Sunday, May 26, 2024

A Smorgasbord! Kahn's Wieners

From the 1970s through the 1990s, it seemed like you could find your favorite baseball stars on food product packaging everywhere you looked: supermarkets, corner stores, restaurants, and beyond. This past year, in an effort to capture a little more nostalgia, I set a goal to expand my own collection of these "food-issue" cards. In this series I'll show the specific examples I've acquired, and share a little bit of history about the food or beverage sponsor as well. 
It's springtime. Leaves are green. The air is warm. Baseball season is rolling along. By 2:10PM EST today there will be nine games underway. So what's for lunch? 
I think a hot dog is the natural answer.
1989 Kahn's Cincinnati Reds NNO Paul O'Neill

So here's Paul O'Neill, taking a big swing on his 1989 Kahn's baseball card. (Nice matching red borders.) Since there's no indication of the brand on the front, here's the card back.
At the top right you'll see Kahn's signature red rose logo and wordmark. And as I discovered, the company's history with baseball goes back a long way—much longer than I'd guessed.
Kahn's began issuing trading cards in specially marked packages of their hot dogs way back in 1955. Only six players appeared in that inaugural set, and they were all Cincinnati Redlegs. (Kahn's was based in Cincinnati, Ohio.) 
By 1957, the company had expanded the set to include some nearby Pittsburgh Pirates, including Roberto Clemente and "William" Mazeroski. With popularity booming, Kahn's would continue their trading card sets into the 1960s. By the second half of the decade, Kahn's was issuing larger sets (as many as 45 cards!), with select players from the Braves, Cubs, White Sox, Reds, Indians, Mets, Pirates, and Cardinals.  
Here's Atlanta Braves pitcher Denny LeMaster, showing us how the cards were included on hot dog packages in 1966:

Good design, overall. Those yellow and white stripes have a circus/carnival vibe, and you can't miss that Kahn's logo. I can imagine baseball-loving kids running to the refrigerated section of the supermarket and finding those packages pretty quickly.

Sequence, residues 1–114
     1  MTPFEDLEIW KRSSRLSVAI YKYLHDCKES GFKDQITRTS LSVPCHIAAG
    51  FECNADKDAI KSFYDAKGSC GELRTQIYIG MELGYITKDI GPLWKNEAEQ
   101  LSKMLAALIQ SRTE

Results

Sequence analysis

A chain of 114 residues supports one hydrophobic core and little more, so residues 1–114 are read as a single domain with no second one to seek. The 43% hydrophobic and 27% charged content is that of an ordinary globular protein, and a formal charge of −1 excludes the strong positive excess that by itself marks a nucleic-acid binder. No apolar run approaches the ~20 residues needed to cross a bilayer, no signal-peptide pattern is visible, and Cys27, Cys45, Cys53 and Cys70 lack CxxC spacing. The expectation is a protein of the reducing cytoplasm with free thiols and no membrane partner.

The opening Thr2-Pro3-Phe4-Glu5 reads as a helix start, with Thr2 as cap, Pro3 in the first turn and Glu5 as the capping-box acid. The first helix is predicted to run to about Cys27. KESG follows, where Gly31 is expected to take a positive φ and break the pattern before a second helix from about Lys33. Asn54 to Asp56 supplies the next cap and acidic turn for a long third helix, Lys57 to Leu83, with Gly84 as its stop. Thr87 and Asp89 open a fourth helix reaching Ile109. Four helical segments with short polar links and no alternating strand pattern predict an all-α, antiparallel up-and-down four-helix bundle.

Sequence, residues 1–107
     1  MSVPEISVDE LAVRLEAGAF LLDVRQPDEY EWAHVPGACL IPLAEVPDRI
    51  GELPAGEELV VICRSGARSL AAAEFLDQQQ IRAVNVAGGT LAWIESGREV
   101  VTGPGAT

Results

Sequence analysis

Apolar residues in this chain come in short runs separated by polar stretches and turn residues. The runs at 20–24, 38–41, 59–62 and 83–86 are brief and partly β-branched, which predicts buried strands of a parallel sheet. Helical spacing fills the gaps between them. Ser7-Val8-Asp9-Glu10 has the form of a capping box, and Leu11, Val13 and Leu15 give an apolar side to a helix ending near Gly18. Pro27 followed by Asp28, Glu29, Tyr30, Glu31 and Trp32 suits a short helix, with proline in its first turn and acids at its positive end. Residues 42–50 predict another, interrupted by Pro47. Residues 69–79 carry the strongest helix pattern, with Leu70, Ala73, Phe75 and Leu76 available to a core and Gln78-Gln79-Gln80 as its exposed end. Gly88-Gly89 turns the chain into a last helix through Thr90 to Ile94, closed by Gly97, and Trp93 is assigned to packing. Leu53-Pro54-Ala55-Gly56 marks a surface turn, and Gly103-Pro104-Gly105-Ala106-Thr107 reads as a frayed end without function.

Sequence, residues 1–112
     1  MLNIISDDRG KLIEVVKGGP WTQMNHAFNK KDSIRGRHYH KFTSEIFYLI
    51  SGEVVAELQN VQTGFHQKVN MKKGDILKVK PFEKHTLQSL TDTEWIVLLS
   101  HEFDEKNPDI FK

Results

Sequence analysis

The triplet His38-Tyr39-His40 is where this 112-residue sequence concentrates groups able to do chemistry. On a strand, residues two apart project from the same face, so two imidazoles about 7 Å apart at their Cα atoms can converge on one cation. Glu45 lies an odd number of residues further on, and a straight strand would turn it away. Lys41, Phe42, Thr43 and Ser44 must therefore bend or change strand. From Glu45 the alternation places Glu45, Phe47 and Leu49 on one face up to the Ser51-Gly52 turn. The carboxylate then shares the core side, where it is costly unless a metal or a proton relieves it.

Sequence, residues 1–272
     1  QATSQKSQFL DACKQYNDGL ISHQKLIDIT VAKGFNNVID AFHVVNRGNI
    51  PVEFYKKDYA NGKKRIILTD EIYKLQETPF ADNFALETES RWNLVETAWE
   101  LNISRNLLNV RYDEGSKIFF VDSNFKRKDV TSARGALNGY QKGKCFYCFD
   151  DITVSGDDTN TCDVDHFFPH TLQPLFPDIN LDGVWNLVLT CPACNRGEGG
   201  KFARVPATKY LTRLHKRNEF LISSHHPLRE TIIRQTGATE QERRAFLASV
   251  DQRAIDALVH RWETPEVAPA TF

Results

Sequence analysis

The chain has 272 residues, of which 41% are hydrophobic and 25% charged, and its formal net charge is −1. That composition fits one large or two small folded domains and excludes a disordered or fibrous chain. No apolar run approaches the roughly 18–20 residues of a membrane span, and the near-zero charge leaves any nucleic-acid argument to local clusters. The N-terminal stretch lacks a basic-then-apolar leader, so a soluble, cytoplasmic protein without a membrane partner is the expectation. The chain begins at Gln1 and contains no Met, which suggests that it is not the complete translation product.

But here's the interesting thing: After 1969, Kahn's stopped issuing trading cards in packages of hot dogs altogether. And it would remain that way until the junk wax boom of the 1980s. (1987, to be exact.) That's when the company resumed issuing trading cards, albeit only for the Reds, and not directly on the packaging. Cards would instead be available as promotional items at select Cincinnati Reds home games. Team sets could also be acquired through a mail-in offer. And guess what? Kahn's is still issuing a team set of Cincinnati Reds cards to this day!
Pretty cool story.
But hang on a second. I'm not sure if one hot dog at the ballpark is enough. So lets have another!
Yep, that's Howard Johnson on his 1990 Kahn's baseball card, fresh off his second 30-30 season in a three-year span. Based on that follow-through and his eye line, it looks like he might have connected on another homer. 
Here's the card back:

Not much else to say here. Simple design. It's interesting how they made the effort to separate HoJo's AL and NL stats at the bottom of the card. Nice touch!
If you're wondering why Mets players were being featured on Kahn's baseball cards back then, here's the explanation: From the late-1980s through the 1990s, Kahn's was not only the official hot dog of the Cincinnati Reds. It was also the official dog of the New York Mets, served proudly at Shea Stadium! (Currently, the Mets serve Nathan's Famous franks, which makes more sense from a regional point of view.)
And now that we've polished off two dogs, I think it's time to wrap up this first serving from our food-issue card smorgasbord.
I usually go with mustard and a little relish on my dog. Maybe a little sauerkraut if I'm feeling frisky.
What about you?

Share in the comment section, and thanks for reading!


  1. I got some Kahn's cards at a Mets game in 1989. I've never heard of Kahn's in any area other than baseball cards. Nathan's or Oscar Mayer is what I think of with hot dogs. I'm a ketchup man myself.

    1. Ketchup on a hot dog can get you kicked out of some New York establishments. Be careful, Bo ;-)

  2. I think I have a few of those Mets cards sitting somewhere in my collection. As for hot dogs... it depends. My go to is ketchup, relish, and onions. However... if jalapenos are around for the nachos, I'll toss them on as well.

    1. Ooh, caramelized onions or regular onions? Either sounds good to me. Going to have to try that. Maybe a jalapeno, too. Thanks for the suggestions, Fuji!

  3. My favorite toppings for hot dogs is actually banana peppers, or just ketchup if there are no other options.

    1. Banana peppers. Another good suggestion. Thanks, Matt!

  4. I can enjoy hot dogs plain...sometimes feels like a chore to load them up. Nothing wrong with ketchup and cheese and onions though. Nice start!

    1. Thanks, Jafronius! I'm not sure I've ever had a hot dog plain, but I might have to try it now.

  5. I'd probably be stoned to death in certain areas of the country for saying this, but hot dogs are one of the foods that I find to be the most disgusting. Just the smell of them can trigger my gag reflex. The only other thing that does that to me is mayonnaise.

    1. Oh man, I completely agree with you on mayonnaise. Blechh.
      I won't be throwing any stones for your take on hot dogs, however, so no worries there.